Nickel Falls on Speculation Demand May Slow; Copper Declines

Nickel Falls on Speculation Demand May Slow; Copper Declines

Nickel fell for a second day in London on speculation rising stockpiles signal slowing usage as producers seek alternatives to the metal in stainless-steel manufacturing. Copper also dropped.

Nickel inventories monitored by the London Metal Exchange rose 1,446 metric tons, or 27 percent, to 6,834 tons, the exchange said today in a daily report, the biggest one-day gain since Sept. 11, 2003. ThyssenKrupp AG, the world’s biggest stainless steelmaker, said yesterday that it may increase production of nickel-free stainless steel to reduce costs.

“Rising stockpiles have spooked people today because consumption has unambiguously slowed and we are starting to see demand destruction,” David Thurtell, a London-based metals analyst with BNP Paribas, said today in a phone interview.

Nickel for delivery in three months on the LME dropped $1,050, or 2.2 percent, to $47,150 a metric ton as of 1:14 p.m. local time. The metal is the biggest gainer on the LME this year, rising 42 percent.

South Korea’s Posco has said it will reduce nickel usage this year due to rising prices while Finland-based Outokumpu Oyj said last month that it will cut its stainless-steel output by about 10 percent in the second quarter because orders from customers have slowed.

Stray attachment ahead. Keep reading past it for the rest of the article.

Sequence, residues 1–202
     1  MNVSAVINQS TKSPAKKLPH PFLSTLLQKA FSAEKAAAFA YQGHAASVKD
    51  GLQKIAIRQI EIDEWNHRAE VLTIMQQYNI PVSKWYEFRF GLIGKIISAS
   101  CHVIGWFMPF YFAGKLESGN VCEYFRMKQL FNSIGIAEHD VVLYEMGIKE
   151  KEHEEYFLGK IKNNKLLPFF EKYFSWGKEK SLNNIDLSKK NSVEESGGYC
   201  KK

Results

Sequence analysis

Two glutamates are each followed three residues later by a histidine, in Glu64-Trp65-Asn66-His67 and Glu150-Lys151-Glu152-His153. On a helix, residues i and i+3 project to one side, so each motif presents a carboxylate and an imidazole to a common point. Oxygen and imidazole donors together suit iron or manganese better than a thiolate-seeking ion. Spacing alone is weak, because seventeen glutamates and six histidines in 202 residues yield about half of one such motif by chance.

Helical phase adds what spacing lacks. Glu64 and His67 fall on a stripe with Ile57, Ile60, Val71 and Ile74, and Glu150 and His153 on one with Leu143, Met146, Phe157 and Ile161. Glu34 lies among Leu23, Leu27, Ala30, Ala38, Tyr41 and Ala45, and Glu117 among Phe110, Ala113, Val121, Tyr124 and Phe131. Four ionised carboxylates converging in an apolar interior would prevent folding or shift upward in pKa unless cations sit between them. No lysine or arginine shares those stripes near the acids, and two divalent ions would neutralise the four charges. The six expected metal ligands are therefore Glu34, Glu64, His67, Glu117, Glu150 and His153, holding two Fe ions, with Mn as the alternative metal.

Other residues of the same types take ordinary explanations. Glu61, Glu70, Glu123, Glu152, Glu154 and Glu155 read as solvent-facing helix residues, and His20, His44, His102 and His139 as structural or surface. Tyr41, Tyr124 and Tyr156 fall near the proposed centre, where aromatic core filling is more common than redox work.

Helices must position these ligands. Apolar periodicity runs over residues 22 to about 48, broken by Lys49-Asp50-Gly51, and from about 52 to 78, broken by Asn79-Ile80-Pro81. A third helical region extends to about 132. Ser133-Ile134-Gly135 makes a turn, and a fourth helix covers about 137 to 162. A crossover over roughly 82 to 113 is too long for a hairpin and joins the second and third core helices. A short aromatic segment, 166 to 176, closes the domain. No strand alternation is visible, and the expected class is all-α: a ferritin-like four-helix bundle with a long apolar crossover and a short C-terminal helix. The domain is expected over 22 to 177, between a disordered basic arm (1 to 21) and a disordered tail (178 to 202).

Nickel has more than doubled in the past 12 months as China overtook Japan to become the world’s largest user because of its expanding stainless-steel industry. About two-thirds of nickel is used to produce stainless steel.

In response to the price increase, China is expanding production of so-called nickel pig iron, a cheaper alternative to refined nickel, using ore from the Philippines and New Caledonia, Thurtell said. Its increasing use will probably cause demand to decline further, he added.

Copper Imports

The price of nickel may drop to $40,000 a ton in the coming month if LME inventories continue to increase, John Reade, a London-based analyst at UBS AG, said in an interview today.

Copper slipped $33, or 0.5 percent, to $7,173 a ton on the LME. Copper futures for July delivery fell 2.65 cents, or 0.8 percent, to $3.276 a pound on the Comex division of the New York Mercantile Exchange as of 8:15 a.m. local time.

Rising copper prices have “triggered a buyers’ strike in China and surplus metal has ended in Shanghai Futures Exchange- registered warehouses over the past three weeks,” Reade said in a report today.

China’s copper imports rose 61 percent to 1.1 million metric tons from January to April from a year earlier. SFE stockpiles are at their highest in three years, jumping 17 percent to 99,556 tons in the week to May 18.

LME-tracked copper inventories fell for a fourth day by 0.6 percent to 137,575 tons today. That’s the lowest since Nov. 1.

Among other LME-traded metals, lead slid $30, or 1.4 percent, to $2,12 a ton after trading at a record $2,216 a ton yesterday. Aluminum dropped $25 to $2,830 a ton, zinc fell $15 to $3,695 and tin lost $150 to $13,800.

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